European funding: Brussels keeps pressure on Hungary

European funding: Brussels keeps pressure on Hungary

Brussels is expected on Sunday to offer to freeze billions of euros in money paid out to Hungary over the country’s shortcomings in public procurement, while giving Budapest a chance to escape punishment from reforms.

In April, the European Commission opened an unprecedented procedure against Hungary, which can result in the suspension of European funds whose use is threatened by corruption problems or a lack of judicial oversight in a country.

After months of exchanges with Budapest, at the end of a session on Sunday, the municipal board is due to present its position to the Council, an institution representing member states, which will be responsible for the final decision.

In July, EU Commissioner Johannes Hahn proposed in an internal document to freeze 70% of the funds from several cohesion policy programs to be allocated to Hungary for the period 2021-2027.

But according to European sources, that share should be revised down due to the Hungarian government’s “efforts” to respond to Brussels’ concerns.

The European Commission should also propose to member states to offer Hungary a way out that would allow the country to avoid the suspension of funds if it implements the necessary reforms in the fight against corruption.

Member States have one month to decide on the Commission’s proposal by qualified majority, but the deadline can be extended by a further two months.

Brussels is concerned about the use of the EU budget by nationalist Viktor Orban’s government, which has been in power since 2010.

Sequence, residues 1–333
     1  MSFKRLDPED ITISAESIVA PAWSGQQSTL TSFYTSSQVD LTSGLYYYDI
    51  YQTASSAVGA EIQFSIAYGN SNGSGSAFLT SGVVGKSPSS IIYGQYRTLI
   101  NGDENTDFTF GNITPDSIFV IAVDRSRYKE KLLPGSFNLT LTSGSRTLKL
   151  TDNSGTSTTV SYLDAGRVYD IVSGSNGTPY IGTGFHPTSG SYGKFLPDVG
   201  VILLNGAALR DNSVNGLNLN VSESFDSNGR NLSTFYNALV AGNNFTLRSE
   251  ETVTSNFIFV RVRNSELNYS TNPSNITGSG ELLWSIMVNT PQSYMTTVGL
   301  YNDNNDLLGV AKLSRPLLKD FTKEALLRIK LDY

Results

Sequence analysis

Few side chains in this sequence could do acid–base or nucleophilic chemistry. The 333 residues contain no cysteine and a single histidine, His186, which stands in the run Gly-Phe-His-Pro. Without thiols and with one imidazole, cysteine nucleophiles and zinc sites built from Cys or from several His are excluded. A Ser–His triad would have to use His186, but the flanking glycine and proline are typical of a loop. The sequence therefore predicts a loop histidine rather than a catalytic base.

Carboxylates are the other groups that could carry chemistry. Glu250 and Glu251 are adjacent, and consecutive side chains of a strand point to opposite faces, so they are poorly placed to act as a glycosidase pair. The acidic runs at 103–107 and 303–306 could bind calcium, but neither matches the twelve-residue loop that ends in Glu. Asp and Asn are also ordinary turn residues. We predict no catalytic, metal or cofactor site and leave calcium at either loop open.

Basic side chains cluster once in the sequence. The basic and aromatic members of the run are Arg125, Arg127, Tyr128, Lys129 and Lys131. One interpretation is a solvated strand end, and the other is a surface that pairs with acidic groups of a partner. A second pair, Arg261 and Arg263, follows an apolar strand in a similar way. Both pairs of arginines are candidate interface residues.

It points to irregularities and shortcomings in public procurement procedures, the high proportion of individual applications for these contracts, the lack of control of conflicts of interest and judicial procedures in cases of suspected fraud.

– recovery plan blocked –

Budapest is struggling to escape the axe, but also to convince Brussels to unblock its post-Covid recovery plan (€5.8 billion in subsidies).

Hungary is the only EU country whose plan has still not received the green light from the European Commission for the same reasons related to respect for the rule of law.

Hungary recently announced that it would quickly set up an “independent agency” to fight corruption, responsible for overseeing the use of EU funds and improving transparency in public procurement.

Measures must allow citizens to bring a complaint to court if they believe prosecutors have arbitrarily dropped a corruption investigation. The transparency of the legislative process must also be strengthened.

Gergely Gulyas, Prime Minister Viktor Orban’s chief of staff, announced on Saturday that the Hungarian parliament will vote next week on legislation aimed at allaying Europeans’ fears. They “will come into force in November,” he promised.

The wealth declaration system for Hungarian parliamentarians was also changed in July to bring it in line with European Parliament rules.

Hungarian Justice Minister Judit Varga has toured several European capitals in recent days to advocate for her country’s cause, which is struggling economically amid runaway inflation and the collapse of the forint, the country’s currency.

Without an agreement on Hungary’s recovery plan by the end of the year, 70% of subsidies will be lost.

The European Parliament on Thursday, in a report adopted by a large majority, appreciated that Hungary was no longer a true democracy but “an electoral autocracy” and called on the Commission “not to approve the Hungarian plan, which it will not have fully complied with at all.” Recommendations” from Brussels.


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